Moe Keale, the 'ukulele stylist who entertained audiences with his acting and music for more than four decades, died after a heart attack yesterday at Castle Medical Center. He was 62.
A pure Hawaiian, Keale was born Dec. 3, 1939, on Ni'ihau, but grew up on O'ahu.
Keale, whose voice brought a tingle of aloha to his music, will be remembered as a gentle, giving treasure in the Island entertainment scene.
"He just exuded a lot of spirit and aloha; he was my dad but my friend, my buddy, too. We cruised; we hanged out together," said Scott Nalani Keale, his only son.
The younger Keale talked to his father Sunday while he was on a teaching mission in Japan. He was en route home, aboard a flight yesterday, when Moe Keale died.
"I called him because I couldn't find a couple of chords to 'Pua Mae'ole,' a song I wanted to teach," Nalani Keale said. "He taught me how; he told me to play it in this particular chord. And I got it. It was awesome. It must've been midnight in Hawai'i at the time. And it was the last time I heard his voice."
Keale nearly died a year ago when he suffered a heart attack while working out at 24 Hour Fitness in the Windward City Shopping Center. Police officers saved his life.
Keale's regular performing gig was Thursdays and Sundays poolside at the Sheraton Waikiki Hotel. Of his many recorded songs, he was best known for "Aloha Is ... A Part of Me, a Part of You," for which he won a Na Hoku Hanohano Award in 1987.
Of his numerous performing gigs, his most recent was his most intimate and endearing.
"Moe would introduce Nalani as a halau," said entertainment booking agent Chriss Heyd. "It was kind of a joke a one-man halau." Keale had been at the hotel since February 1994, and his image graced the hotel's Christmas card this past year.
A frequent nightclub performer, Keale was the lead singer in Eddie Kamae's Sons Of Hawai'i back in the late '60s. He also had his own group, Moe Keale & Anuenue. In 1978, he recorded a solo album, "South Sea Island Magic."
Keale was the seventh child of pure Hawaiian parents. His father came from Ni'ihau, his mother from Kaua'i.
Keale learned to play the 'ukulele when he was 4; an older brother even taught him how to double-strum. He played the instrument as a boy growing up in Palolo Valley, taking it to Paolo Elementary School and Kaimuki High School and, later, as a beachboy, to Waikiki.
Keale did a little of everything in his life, redefining the word versatile.
As a beachboy, his long hair earned him a nickname that stuck for years: "Animal." He was a professional high-diver, a part-time electrician and a radio deejay.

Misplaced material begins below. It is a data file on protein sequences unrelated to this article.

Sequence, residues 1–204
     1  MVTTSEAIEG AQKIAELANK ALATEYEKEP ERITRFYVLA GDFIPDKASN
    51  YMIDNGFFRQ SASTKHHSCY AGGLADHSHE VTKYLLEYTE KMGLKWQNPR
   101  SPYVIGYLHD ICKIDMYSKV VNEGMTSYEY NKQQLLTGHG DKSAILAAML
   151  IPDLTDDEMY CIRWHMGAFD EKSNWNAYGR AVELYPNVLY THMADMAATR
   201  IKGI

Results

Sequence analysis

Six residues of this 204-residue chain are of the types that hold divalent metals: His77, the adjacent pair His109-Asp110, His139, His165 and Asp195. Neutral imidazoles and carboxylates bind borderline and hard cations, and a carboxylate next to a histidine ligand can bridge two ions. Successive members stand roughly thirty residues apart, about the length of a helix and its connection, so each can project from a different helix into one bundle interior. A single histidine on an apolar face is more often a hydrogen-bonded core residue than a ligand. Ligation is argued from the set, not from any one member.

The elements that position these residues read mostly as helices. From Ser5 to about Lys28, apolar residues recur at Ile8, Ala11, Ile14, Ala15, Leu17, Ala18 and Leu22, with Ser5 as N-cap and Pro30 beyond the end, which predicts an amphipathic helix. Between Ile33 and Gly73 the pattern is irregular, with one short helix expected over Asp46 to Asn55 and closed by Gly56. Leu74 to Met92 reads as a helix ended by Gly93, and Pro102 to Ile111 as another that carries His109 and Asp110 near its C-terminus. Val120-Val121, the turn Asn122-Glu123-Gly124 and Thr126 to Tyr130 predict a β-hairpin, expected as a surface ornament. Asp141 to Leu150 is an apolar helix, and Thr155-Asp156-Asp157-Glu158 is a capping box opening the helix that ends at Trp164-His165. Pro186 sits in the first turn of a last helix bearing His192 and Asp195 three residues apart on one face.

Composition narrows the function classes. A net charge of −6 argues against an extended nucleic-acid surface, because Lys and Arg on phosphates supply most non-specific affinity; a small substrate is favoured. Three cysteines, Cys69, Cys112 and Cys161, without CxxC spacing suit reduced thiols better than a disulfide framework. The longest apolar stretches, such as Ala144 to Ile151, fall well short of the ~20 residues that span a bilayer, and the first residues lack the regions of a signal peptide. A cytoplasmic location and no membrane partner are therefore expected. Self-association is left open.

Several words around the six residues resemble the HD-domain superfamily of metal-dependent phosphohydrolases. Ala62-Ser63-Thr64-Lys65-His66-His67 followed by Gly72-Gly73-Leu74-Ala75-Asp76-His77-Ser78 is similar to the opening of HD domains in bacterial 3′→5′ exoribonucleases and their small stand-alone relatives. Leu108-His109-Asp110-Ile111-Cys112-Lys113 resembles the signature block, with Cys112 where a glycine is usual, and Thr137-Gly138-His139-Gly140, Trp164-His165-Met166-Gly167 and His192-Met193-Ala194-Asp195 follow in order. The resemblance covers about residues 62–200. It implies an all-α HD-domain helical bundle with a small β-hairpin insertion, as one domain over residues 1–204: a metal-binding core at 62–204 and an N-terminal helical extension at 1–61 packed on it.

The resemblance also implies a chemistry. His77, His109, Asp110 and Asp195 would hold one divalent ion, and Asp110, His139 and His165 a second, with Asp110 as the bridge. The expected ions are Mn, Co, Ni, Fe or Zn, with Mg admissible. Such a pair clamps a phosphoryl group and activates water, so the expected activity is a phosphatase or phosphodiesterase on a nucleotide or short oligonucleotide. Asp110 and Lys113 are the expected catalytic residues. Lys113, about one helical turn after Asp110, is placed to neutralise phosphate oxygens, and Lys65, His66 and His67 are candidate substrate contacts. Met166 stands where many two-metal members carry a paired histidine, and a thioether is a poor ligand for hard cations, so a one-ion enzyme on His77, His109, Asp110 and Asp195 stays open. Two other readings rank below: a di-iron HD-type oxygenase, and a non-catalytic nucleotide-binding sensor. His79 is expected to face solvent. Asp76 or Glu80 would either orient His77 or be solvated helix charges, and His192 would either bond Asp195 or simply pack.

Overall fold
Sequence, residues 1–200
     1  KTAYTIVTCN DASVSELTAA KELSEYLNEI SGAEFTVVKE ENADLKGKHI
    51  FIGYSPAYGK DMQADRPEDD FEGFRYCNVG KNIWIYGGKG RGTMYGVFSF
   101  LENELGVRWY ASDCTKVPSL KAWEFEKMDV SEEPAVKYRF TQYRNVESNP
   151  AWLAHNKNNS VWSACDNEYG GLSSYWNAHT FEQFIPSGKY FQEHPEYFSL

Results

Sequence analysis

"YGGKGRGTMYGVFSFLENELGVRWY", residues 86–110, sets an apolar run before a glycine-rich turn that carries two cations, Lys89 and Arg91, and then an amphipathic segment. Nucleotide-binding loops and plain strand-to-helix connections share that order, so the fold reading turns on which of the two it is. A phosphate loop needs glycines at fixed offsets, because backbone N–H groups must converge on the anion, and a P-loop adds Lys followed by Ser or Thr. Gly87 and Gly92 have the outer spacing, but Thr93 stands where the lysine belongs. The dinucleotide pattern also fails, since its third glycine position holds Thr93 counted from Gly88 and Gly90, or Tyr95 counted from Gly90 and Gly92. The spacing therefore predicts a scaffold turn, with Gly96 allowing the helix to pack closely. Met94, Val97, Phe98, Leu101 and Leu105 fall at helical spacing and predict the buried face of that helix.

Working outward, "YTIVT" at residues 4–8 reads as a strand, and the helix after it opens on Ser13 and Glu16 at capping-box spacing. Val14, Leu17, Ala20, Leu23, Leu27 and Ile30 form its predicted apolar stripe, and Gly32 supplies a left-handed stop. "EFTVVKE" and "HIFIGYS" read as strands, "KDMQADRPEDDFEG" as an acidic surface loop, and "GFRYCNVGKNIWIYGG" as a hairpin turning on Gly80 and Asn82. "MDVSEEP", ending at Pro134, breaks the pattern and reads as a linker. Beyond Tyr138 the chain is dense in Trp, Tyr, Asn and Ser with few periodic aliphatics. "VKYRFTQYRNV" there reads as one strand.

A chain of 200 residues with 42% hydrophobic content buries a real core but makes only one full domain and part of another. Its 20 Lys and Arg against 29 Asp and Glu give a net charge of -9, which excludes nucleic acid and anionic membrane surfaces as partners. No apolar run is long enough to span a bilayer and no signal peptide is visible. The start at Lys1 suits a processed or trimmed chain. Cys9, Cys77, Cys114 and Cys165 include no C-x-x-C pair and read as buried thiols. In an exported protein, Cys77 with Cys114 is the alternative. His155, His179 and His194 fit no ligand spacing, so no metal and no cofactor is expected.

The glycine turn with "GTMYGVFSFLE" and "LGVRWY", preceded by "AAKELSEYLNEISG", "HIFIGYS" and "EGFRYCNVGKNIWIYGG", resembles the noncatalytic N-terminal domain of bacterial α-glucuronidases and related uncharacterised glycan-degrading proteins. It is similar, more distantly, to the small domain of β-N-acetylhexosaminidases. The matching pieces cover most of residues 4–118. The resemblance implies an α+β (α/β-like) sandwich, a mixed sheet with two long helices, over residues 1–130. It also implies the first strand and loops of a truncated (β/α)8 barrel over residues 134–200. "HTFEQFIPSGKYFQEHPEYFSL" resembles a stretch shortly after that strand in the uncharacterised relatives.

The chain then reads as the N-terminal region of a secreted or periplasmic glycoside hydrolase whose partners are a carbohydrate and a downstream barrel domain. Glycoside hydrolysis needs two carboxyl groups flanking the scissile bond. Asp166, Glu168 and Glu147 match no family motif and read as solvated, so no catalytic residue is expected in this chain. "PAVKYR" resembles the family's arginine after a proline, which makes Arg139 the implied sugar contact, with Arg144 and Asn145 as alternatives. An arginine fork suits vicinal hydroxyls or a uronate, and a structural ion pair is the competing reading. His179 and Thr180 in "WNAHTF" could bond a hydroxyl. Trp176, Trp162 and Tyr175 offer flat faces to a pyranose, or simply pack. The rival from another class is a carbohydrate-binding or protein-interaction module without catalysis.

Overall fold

Once, when he was a deejay at KCCN in 1983, a listener requested "Kamehameha Waltz," but Keale couldn't find a copy in the studio. He quickly grabbed an 'ukulele and played it himself.
Most recently, he also was the co-owner of the Lomi Shop at Windward Mall, giving lomi massages by day and performing his music at night.
He got his acting start in 1959 with a role in the Spencer Tracy feature film "The Devil at Four O'Clock," which was followed by a long-run in New York of the stage production of "Paradise Island."
Played 'mean' roles
He appeared in many TV shows, with recurring roles and guest appearances across the dial. It began with a role as a loveable policeman in "The Little People," which later became "The Brian Keith Show."
That led to a recurring role as Truck Kealoha in "Hawaii Five-O," but not until after he worked on the set as an electrician.
He also appeared in "Big Hawaii" and "Magnum, P.I." and in such diverse shows as "Kung Fu," "Charlie's Angels" and Donny and Marie Osmond's "Going Coconuts."
In a 1982 interview, he lamented the way Hawai'i actors typically were cast. "Local guys like myself get some pretty awful roles," he said. "It's work."
Of the fact that he was frequently cast as a "heavy," he said: "I guess I look mean."
He once said acting comes naturally for him, an extension of his personality.
"I'm a happy-go-lucky person," he said in 1977, when he played Garfield Kalahani in "Big Hawai'i."
Bill Kaiwa knew Keale since childhood.
"All our treasures are going," Kaiwa said. "I was with Moe two Sundays ago. I waited at the hospital for six hours the first time he had a heart attack a year ago. He was feeling fine, looking fine. I am shocked."
See also the Honolulu Star-Bulletin obituary
and article about his memorial service.